Canon updates ImagePrograf Pro LFPs

Canon has announced five new large format printers, though these are really just modest updates to the existing ImagePrograf Pro models. Strangely, Canon forgot to mention the names or any other useful information about these printers in its press release, which just for the record, are the 24ins Pro 2100, 44ins 4100 and 60ins 6100 – all with 12 colours – plus the eight-colour Pro 4100S and 6100S, respectively 44ins and 60ins wide. 

Canon has added a new automated media loading system to its ImagePrograf Pro series of large format printers, including this eight-colour 1.5m wide 6100S.

Actually the new printers are very much like the old printers that they are replacing and which are only a couple of years old. They use the same printhead and the same inks and have exactly the same print quality so that there’s little point in any existing customers bothering with these new models. 

Instead, Canon has looked at the media loading and has come up with quite an interesting system that can automatically load the paper as you feed it in, and can recognize that media. This appears to use some form of artificial intelligence as Canon says that it will become more accurate over time as it gets used to the more frequently used media. It also has a sensor that can measure how much media is on the roll, which could be handy if you re-load a roll that’s already half used and weren’t sure how much media was left to use. 

Junichi Wachi, director of LFP at Canon Europe, says: “Print is about getting ideas down on paper. The faster and more easily you do it, the better. We’ve spent a lot of time talking to our large format customers about what slows the process down — what frustrates them. Complicated media handling tops the list. So streamlining the process was a design priority on the new ImagePrograf Pro printers, increasing profitability and boosting your bottom line. This is a great improvement especially for the Pro-4100S and Pro-6100S which have been designed with the high productivity print-for-pay market in mind.”

It doesn’t appear as if the existing machines can be retrofitted with this new loading system. On the other hand, it’s not particularly difficult to load any of those machines and anyone with a decent RIP is probably already able to squeeze the maximum productivity out of the printer. Instead the new features mostly seem to be aimed at amateur photographers since most professional users will know that a RIP also offers a lot of other functionality around media usage and colour management.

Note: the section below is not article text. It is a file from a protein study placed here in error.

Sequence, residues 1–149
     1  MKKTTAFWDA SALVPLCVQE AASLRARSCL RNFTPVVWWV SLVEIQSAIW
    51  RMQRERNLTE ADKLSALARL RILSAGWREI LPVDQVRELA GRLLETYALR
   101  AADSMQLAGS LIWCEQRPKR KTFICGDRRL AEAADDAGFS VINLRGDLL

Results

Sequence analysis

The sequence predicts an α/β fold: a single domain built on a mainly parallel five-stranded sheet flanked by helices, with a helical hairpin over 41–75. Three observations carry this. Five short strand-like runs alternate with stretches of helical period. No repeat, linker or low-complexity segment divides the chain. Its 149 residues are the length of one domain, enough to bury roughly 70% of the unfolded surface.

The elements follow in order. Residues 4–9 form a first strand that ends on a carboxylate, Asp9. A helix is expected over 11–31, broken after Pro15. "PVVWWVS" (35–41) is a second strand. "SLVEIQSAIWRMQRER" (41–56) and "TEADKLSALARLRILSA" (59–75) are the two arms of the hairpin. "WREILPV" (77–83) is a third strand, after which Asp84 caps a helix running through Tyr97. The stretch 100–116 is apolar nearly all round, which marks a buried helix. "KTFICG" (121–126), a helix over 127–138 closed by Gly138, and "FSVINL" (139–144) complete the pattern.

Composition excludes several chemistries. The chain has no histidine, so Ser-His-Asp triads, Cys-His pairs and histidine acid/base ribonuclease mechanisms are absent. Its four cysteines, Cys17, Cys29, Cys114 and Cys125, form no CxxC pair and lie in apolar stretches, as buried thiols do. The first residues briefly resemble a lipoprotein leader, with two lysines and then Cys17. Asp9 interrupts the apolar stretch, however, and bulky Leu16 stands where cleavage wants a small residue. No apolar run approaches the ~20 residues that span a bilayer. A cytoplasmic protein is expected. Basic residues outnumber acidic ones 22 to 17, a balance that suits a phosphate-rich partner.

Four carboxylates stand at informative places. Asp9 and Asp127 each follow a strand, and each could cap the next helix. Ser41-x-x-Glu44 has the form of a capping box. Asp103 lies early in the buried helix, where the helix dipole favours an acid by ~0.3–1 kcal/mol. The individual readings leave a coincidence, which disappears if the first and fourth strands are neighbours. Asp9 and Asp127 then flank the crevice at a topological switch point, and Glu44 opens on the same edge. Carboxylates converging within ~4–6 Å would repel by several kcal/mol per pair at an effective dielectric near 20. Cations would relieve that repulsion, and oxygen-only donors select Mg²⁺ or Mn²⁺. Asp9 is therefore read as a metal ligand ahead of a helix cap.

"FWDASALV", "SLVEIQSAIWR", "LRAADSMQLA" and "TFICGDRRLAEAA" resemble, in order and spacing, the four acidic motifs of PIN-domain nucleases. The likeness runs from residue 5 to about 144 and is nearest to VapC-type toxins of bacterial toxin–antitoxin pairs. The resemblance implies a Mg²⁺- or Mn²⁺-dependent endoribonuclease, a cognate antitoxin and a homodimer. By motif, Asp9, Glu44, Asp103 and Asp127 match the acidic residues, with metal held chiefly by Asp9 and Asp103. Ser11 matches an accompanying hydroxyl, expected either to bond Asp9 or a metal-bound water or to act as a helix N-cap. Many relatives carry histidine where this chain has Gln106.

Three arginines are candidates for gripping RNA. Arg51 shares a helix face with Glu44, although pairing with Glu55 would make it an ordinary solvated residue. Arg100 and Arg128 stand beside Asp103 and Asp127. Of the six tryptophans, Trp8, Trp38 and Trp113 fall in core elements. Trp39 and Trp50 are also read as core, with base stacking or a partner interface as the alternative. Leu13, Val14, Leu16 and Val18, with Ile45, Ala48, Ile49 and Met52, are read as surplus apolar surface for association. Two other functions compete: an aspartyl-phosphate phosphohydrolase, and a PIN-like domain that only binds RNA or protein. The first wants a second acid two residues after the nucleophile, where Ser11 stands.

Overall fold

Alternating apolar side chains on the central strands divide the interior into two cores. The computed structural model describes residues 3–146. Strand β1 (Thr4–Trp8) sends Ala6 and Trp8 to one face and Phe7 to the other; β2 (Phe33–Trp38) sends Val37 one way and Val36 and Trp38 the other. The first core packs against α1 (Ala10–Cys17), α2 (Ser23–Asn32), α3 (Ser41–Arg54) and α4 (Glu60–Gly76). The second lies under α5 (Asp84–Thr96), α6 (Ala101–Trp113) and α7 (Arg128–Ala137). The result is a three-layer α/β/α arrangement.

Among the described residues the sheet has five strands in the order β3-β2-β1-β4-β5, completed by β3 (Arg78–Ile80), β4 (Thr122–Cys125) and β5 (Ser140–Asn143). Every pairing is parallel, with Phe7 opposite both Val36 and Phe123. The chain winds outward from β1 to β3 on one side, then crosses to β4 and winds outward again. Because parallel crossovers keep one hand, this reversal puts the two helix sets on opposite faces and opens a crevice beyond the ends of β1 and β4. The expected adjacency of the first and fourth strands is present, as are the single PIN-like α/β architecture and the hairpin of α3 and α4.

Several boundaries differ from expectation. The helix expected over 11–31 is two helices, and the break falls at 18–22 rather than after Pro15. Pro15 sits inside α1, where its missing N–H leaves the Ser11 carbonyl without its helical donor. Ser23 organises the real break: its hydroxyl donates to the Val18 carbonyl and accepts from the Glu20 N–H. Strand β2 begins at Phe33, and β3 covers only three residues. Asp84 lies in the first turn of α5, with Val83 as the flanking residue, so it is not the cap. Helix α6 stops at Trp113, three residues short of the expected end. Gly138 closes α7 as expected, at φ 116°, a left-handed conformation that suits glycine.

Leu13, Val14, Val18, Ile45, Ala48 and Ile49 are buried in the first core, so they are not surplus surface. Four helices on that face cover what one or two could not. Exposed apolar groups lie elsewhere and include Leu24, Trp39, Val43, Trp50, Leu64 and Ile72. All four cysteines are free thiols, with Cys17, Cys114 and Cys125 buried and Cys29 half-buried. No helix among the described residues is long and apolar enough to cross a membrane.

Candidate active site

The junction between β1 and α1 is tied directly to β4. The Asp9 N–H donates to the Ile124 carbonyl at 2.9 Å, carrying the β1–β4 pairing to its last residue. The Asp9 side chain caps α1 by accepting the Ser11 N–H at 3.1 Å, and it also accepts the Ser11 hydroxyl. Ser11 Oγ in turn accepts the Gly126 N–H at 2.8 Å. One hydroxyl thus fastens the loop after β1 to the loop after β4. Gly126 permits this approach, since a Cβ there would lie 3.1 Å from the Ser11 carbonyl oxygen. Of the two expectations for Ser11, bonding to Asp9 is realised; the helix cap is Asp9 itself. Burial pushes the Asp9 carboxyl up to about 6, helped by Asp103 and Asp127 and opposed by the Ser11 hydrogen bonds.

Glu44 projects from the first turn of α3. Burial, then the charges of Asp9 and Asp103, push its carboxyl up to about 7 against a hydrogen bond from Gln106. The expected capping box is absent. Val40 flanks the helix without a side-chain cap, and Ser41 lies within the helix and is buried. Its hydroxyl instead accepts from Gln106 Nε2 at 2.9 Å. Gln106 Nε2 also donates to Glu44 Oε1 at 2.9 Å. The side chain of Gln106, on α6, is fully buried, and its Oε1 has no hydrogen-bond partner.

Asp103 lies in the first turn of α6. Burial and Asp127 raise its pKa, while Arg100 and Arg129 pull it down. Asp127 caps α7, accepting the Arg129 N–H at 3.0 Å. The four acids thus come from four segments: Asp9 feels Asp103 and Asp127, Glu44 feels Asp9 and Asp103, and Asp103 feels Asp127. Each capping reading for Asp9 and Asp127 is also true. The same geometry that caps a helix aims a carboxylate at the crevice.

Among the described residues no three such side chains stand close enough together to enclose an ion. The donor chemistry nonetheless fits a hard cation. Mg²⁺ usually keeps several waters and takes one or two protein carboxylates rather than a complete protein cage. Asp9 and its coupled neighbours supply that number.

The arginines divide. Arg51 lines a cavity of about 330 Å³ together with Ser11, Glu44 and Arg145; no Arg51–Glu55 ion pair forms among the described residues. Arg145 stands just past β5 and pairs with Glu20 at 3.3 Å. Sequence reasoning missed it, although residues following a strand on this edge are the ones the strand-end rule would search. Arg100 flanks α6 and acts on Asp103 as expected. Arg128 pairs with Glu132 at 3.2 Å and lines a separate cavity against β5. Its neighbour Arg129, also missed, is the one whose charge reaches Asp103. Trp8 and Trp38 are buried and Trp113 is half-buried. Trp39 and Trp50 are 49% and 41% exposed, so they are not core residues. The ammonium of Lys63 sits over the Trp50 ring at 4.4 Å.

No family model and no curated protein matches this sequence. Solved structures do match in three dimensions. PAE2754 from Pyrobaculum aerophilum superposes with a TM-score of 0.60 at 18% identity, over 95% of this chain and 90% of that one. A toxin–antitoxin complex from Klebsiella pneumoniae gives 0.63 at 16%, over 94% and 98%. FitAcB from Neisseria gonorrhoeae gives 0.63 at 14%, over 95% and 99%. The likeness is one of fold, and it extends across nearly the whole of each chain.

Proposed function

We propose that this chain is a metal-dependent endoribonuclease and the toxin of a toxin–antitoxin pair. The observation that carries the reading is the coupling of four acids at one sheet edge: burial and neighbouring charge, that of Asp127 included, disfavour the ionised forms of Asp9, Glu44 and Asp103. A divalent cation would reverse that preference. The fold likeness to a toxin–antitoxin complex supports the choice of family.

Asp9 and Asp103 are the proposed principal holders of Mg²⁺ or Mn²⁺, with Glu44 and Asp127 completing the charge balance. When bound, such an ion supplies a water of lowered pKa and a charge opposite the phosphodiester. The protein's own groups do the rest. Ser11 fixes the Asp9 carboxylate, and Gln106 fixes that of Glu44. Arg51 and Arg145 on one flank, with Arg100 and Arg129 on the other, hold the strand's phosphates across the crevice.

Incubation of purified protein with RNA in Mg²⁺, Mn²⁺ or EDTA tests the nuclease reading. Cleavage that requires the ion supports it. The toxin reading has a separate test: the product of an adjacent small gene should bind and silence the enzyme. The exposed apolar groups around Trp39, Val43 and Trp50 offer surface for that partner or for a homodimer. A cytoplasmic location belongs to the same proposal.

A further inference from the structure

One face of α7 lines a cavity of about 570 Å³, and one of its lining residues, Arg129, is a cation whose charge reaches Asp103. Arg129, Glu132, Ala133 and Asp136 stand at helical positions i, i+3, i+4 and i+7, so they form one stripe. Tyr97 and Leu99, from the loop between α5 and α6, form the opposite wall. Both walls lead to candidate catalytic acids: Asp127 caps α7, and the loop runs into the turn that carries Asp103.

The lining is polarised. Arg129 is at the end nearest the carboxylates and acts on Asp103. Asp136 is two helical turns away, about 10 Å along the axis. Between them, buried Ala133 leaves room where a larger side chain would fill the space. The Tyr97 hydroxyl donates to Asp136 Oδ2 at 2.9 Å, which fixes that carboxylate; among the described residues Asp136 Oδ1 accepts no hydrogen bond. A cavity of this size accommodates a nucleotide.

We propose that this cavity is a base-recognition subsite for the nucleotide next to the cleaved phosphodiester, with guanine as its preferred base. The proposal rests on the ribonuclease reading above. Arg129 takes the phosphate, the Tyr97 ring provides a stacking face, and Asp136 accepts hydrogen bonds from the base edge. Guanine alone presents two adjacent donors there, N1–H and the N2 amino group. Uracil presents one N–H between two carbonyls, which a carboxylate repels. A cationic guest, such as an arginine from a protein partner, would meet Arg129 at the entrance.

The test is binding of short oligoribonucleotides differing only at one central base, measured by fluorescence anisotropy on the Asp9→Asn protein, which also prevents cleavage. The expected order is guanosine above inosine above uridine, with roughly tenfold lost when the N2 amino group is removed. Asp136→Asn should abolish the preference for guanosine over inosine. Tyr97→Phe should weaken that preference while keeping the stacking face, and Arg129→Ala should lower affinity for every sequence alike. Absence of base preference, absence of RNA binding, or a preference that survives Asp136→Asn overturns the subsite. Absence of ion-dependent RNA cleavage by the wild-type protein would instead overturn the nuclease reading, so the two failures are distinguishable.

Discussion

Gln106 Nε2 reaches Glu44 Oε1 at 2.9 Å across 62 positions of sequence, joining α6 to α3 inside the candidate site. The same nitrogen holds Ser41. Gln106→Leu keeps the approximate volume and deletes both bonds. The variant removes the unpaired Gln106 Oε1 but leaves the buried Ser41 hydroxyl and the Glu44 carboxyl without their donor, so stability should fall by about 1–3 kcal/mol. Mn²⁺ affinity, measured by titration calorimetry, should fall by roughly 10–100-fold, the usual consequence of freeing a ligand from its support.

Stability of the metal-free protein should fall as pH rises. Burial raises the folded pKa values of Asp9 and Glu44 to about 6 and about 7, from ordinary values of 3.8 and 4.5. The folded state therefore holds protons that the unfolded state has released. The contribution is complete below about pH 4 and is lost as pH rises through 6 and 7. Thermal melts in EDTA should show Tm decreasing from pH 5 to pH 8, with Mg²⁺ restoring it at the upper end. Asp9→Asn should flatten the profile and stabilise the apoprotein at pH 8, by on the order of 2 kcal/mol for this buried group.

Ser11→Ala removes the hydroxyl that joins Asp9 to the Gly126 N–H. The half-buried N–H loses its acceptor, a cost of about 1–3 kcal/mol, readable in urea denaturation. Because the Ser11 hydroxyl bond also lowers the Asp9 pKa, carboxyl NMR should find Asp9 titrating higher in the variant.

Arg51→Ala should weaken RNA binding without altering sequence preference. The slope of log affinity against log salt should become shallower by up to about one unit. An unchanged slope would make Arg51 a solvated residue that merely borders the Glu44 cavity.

Canon has also included a new Professional Print & Layout software, which is capable of nesting images to optimise the amount of media used, which is another feature commonly found in RIP software. There is an argument here that these features will save users the cost of buying a RIP but I think that any serious users will still want to invest in a RIP, particularly if they are running multiple printers or any kind of workflow system.

Naturally Canon won’t mention the prices for these machines and there’s no further information on the Canon UK website at time of writing. Canon Europe’s website lists a telephone number for Canon UK’s press office, which turns out to actually be a number for the accounts department. The person that answered did offer me the correct number for the press office, but also suggested that the reason the website carries a different number is because nobody in the press office ever answers the phone. Honestly, how they manage to sell any printers is beyond me and I can only hope that the customer facing operation is better organized.

Separately, Canon has also announced that it’s changing the Océ trading name of its European subsidiary to Canon Production Printing. Frankly, I don’t think that Canon has managed to integrate Océ quite as well as it should have done. Océ has retained quite a distinctive identity within Canon and has kept its branding alive and well, even down to the colours of its kit. Canon even set up a separate Océ business unit in Australia less than two years ago. 

Then again, I don’t think that there’s any real communication between the European and Japanese R&D teams, which often seem to be pulling in different directions. It’s going to take more than a simple change of name nine years after acquiring Océ to address these issues.  But then, in my opinion, if the PR is anything to go by then it’s not the Océ part of the business that needs attention, at least here in Europe.





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